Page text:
1. I wish I’d had the courage to live a life true to myself, not the life others expected of me: While I have enjoyed (for the most part) the work that I’ve done and the life we have built, I have always wanted to do two things: Travel and research/embrace history and remodel houses (at least one house). While we had the chance to travel a lot when I was in Europe with the Army, we haven’t been able to travel anywhere near as much as I’d like. Current plans
    1. With Covid ending, the plan is to do at least one major trip a year, and other side trips, to national parks, historical sites, etc. While I may not be able to visit everything, I’ll visit a lot
    2. I’ve saved up a significant chunk of $ that I could use to fund the purchase and remodel of a home. When I decide to retire early, this will be one of my post-FIRE projects. Looking forward to it.
    3. Continue to work on my “side hustle” (TKD Woodworking) that I can enjoy once I retire
  1. I wish I hadn’t worked so hard: Not sure this is a major regret of mine. While I have worked hard, moved up the ladder, and been successful, Mrs. 39 Months has pretty much ensured that I didn’t become completely wrapped up with work at the expense of our lives together. The work has enabled us to build a tidy nest egg while still enjoying life, and now we are in a position of financial independence.
  1. I wish I’d had the courage to express my feelings: OK, this is a regret, somewhat. While I’ve never had a problem expressing affection and love to Mrs. 39 Months (lots of hugs & kisses) and telling my family I love them – I have issues in expressing my opinions in situations at work and with others. I’m a middle child, and apparently we typically try to be the peacemakers in the family. I’ll subsume my opinions and feelings for the group in order to make it peaceful. One of the results of this is an explosive temper at times, which is a real issue. Current plans:
    1. Need to start daily meditations to deal with anger
    2. Need to speak up more when I have issues with friends & family – in a polite way
  1. I wish I had stayed in touch with my friends: Big problem with me. I typically don’t form close bonds with others, and usually once someone drops off, I don’t seek them out. I have one (only one) friend from high school/growing up, and we talk maybe once/quarter (if that). No college or military friends (which is odd, if you think about it), and only 2 real friends now. No work friends. As you get older, it gets harder and harder to build friendships. Current Plans:
    1. Increase frequency/number of phone calls to friends
    2. Try to schedule times to get together with local friends
    3. Make concerted effort to add to friends in current list of hobbies/professional organizations
    4. Attend college reunions, when possible, in order to try to reconnect with friends
  • I wish that I had let myself be happier: Not sure about this one. I believe I’m fairly happy, for the most part. Part of that is my embrace of Stoicism, as I am getting less interested in things I cannot control. Stopping to look at the news and politics has helped this a lot. Current plans:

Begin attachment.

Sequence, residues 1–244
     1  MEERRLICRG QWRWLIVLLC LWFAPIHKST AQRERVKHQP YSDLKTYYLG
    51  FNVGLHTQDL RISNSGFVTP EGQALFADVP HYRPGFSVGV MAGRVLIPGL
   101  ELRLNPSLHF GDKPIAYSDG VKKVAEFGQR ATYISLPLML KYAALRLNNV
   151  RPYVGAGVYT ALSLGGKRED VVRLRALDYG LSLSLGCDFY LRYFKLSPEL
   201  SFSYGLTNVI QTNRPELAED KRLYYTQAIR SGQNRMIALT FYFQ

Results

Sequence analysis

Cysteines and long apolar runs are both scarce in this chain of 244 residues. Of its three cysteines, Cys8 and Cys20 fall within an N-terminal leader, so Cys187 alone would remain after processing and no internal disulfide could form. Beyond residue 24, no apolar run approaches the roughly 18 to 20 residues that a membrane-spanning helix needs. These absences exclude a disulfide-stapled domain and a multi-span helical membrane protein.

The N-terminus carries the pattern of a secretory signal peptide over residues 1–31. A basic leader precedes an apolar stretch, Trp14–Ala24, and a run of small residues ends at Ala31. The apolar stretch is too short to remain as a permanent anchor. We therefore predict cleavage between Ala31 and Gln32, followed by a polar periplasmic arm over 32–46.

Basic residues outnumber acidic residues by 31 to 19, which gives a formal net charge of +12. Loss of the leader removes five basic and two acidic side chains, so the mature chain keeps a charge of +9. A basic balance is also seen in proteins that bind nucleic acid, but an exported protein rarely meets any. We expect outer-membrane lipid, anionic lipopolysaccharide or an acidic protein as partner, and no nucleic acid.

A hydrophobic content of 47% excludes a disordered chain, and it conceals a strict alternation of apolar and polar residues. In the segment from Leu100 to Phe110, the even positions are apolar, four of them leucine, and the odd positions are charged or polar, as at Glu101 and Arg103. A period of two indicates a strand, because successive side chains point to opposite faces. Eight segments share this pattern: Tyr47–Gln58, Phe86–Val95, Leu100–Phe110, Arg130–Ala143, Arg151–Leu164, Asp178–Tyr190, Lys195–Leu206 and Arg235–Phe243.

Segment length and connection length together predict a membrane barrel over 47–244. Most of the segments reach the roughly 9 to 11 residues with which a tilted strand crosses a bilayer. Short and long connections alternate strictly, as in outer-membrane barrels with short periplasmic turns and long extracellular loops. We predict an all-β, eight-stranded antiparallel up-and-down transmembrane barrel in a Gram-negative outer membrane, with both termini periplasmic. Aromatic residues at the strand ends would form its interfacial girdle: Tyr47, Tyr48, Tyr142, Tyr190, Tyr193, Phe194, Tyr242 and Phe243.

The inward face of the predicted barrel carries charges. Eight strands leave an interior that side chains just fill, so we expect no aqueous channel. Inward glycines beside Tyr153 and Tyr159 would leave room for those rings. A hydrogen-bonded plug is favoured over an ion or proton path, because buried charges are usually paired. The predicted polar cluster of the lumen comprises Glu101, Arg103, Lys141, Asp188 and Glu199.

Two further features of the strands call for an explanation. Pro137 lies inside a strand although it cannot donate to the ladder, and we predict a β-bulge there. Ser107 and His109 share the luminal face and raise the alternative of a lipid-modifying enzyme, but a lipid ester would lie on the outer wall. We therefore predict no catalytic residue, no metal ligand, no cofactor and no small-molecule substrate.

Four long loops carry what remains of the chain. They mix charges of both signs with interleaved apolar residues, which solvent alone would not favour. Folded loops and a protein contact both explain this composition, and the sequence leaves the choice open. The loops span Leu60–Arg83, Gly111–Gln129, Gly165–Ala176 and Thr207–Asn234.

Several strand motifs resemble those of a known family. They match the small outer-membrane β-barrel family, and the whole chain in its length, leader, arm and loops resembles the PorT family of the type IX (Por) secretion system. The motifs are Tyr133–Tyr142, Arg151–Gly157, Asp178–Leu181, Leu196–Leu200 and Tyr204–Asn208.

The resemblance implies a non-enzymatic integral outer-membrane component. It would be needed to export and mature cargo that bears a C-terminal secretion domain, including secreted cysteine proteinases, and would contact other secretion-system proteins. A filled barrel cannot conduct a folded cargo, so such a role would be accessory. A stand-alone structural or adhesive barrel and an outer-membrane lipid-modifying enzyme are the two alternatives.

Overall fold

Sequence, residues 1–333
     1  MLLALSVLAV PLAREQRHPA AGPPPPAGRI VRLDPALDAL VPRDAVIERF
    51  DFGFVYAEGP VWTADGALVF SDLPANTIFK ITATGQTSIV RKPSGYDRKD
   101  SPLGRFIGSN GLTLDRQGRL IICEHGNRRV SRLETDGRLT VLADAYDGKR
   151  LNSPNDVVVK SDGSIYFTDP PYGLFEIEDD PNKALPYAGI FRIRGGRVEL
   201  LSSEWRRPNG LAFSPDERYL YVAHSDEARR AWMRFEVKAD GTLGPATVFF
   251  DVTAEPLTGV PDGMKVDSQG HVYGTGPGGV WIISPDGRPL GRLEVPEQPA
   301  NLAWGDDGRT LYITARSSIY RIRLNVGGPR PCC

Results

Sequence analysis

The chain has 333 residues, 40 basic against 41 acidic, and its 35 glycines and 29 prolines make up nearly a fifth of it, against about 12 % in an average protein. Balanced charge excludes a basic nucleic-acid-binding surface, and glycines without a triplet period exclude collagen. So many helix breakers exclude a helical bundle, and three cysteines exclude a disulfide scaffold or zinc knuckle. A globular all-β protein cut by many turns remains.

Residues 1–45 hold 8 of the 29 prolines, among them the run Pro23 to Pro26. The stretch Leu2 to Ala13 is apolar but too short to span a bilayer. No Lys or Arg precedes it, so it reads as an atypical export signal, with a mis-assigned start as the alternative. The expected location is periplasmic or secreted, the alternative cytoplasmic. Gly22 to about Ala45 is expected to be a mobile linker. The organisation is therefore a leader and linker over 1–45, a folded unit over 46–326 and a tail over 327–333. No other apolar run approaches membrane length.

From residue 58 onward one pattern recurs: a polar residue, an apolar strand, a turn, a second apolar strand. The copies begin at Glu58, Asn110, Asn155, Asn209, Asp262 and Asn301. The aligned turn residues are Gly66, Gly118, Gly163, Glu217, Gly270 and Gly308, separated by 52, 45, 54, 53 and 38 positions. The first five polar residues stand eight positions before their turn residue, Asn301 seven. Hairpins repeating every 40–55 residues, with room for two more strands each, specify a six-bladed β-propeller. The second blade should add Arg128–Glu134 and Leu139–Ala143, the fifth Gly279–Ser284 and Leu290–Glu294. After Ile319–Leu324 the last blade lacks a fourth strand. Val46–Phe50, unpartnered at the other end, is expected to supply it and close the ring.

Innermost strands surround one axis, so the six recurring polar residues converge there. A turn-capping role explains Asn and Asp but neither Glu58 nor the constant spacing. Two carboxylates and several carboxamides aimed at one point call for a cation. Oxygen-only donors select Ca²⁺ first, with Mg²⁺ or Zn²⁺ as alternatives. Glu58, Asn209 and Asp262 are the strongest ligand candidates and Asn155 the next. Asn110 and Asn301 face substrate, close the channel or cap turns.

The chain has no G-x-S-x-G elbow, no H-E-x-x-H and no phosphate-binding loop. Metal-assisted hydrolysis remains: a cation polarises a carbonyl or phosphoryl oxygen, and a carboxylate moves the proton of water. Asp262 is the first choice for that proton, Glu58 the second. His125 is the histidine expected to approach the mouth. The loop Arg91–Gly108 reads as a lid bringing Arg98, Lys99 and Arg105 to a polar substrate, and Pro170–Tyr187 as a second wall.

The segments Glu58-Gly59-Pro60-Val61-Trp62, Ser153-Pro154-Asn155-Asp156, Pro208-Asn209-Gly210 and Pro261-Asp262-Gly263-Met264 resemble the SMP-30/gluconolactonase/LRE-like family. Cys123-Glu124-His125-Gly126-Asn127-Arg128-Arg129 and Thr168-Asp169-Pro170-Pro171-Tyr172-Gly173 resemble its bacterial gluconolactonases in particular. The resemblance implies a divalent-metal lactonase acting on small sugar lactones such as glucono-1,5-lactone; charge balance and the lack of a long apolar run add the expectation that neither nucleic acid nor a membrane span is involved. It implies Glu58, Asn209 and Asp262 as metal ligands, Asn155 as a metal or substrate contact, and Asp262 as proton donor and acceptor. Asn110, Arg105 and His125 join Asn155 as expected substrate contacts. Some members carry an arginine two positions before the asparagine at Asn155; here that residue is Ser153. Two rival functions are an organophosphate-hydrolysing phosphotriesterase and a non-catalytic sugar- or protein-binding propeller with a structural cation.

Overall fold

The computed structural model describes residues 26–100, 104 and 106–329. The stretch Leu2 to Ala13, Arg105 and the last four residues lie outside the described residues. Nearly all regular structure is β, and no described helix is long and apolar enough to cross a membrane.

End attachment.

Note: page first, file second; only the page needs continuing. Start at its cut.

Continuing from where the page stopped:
• Continue to practice Stoicism and enjoy what I can control
    • Keep away from areas that just “wind me up” (politics, social media, etc.) with no real impact on my life
    • Pursue areas that will make me happier (see #1 and #3 above)

So what are you doing in life to reduce potential future regrets?

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Mr. 39 Months

Getting interviewed by my professional magazine on finance

Back in May of 2011, I wrote an article for my professional society (www.IISE.org) magazine, titled “Graduate Finances.” After the 2008-2009 recession, I wanted to share some basic financial ideas with future graduates, so they’d have an idea of what to do when they get their first job. The article covered basic budgeting, investing, benefits. Etc. In the years since, I  have had folks comment positively on the article.

Just recently, IISE has reached out to me for their new Podcast, and asked me to interview and discuss the article, and recent changes that might be made to the advice. The provided a list of questions they would be asking. I’ve included them below, and my answers to them.

Below are some starter questions to help prepare you for the interview, though I will surely ask additional questions based on the course of the conversation:

  1. This conversation surrounds an article you wrote for Industrial Engineer magazine (now ISE magazine) called “Graduate Finances,” and we’ll provide a link to the article on our show notes at the podcast website. You initially wrote it in early 2011, which was just a few years after the punishing fiscal bomb that was the Great Recession. What prompted you to give this advice to young engineers starting out?
    • I had become very interested in investing and saving for retirement around the year 2000 (dot.com bust). When 2008-2009 hit, I saw a lot of people jump out of the market (rather than just let it sit) and knew that was the wrong answer.
    • My professional IISE chapter often goes to our local colleges and presents/discusses issues with students, and I’ve spoken at regional and national conferences before. I found that most engineers didn’t have any financial knowledge from college or high school (almost no graduate does).